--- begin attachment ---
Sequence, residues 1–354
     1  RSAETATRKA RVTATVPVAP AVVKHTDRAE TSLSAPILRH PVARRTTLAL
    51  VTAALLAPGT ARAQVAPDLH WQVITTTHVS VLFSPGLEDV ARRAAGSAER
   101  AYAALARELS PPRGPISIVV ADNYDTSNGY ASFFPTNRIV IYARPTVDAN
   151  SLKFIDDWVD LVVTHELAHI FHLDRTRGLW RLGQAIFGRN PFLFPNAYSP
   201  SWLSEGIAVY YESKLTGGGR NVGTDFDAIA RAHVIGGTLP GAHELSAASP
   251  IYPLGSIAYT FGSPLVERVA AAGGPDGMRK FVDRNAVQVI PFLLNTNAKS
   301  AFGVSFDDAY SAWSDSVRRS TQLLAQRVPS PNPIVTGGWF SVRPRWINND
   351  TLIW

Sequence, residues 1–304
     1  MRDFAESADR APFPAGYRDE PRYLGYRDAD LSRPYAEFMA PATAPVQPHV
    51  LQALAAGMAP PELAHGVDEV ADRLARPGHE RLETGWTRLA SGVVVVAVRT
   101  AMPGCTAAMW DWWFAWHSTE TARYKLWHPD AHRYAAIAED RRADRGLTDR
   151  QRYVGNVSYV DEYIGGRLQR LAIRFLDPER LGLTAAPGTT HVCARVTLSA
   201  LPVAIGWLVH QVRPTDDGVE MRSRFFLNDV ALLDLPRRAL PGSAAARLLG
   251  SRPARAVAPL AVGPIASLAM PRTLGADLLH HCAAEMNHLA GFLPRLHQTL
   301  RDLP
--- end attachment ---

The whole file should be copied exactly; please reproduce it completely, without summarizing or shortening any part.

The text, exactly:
Sequence, residues 1–354
     1  RSAETATRKA RVTATVPVAP AVVKHTDRAE TSLSAPILRH PVARRTTLAL
    51  VTAALLAPGT ARAQVAPDLH WQVITTTHVS VLFSPGLEDV ARRAAGSAER
   101  AYAALARELS PPRGPISIVV ADNYDTSNGY ASFFPTNRIV IYARPTVDAN
   151  SLKFIDDWVD LVVTHELAHI FHLDRTRGLW RLGQAIFGRN PFLFPNAYSP
   201  SWLSEGIAVY YESKLTGGGR NVGTDFDAIA RAHVIGGTLP GAHELSAASP
   251  IYPLGSIAYT FGSPLVERVA AAGGPDGMRK FVDRNAVQVI PFLLNTNAKS
   301  AFGVSFDDAY SAWSDSVRRS TQLLAQRVPS PNPIVTGGWF SVRPRWINND
   351  TLIW

Sequence, residues 1–304
     1  MRDFAESADR APFPAGYRDE PRYLGYRDAD LSRPYAEFMA PATAPVQPHV
    51  LQALAAGMAP PELAHGVDEV ADRLARPGHE RLETGWTRLA SGVVVVAVRT
   101  AMPGCTAAMW DWWFAWHSTE TARYKLWHPD AHRYAAIAED RRADRGLTDR
   151  QRYVGNVSYV DEYIGGRLQR LAIRFLDPER LGLTAAPGTT HVCARVTLSA
   201  LPVAIGWLVH QVRPTDDGVE MRSRFFLNDV ALLDLPRRAL PGSAAARLLG
   251  SRPARAVAPL AVGPIASLAM PRTLGADLLH HCAAEMNHLA GFLPRLHQTL
   301  RDLP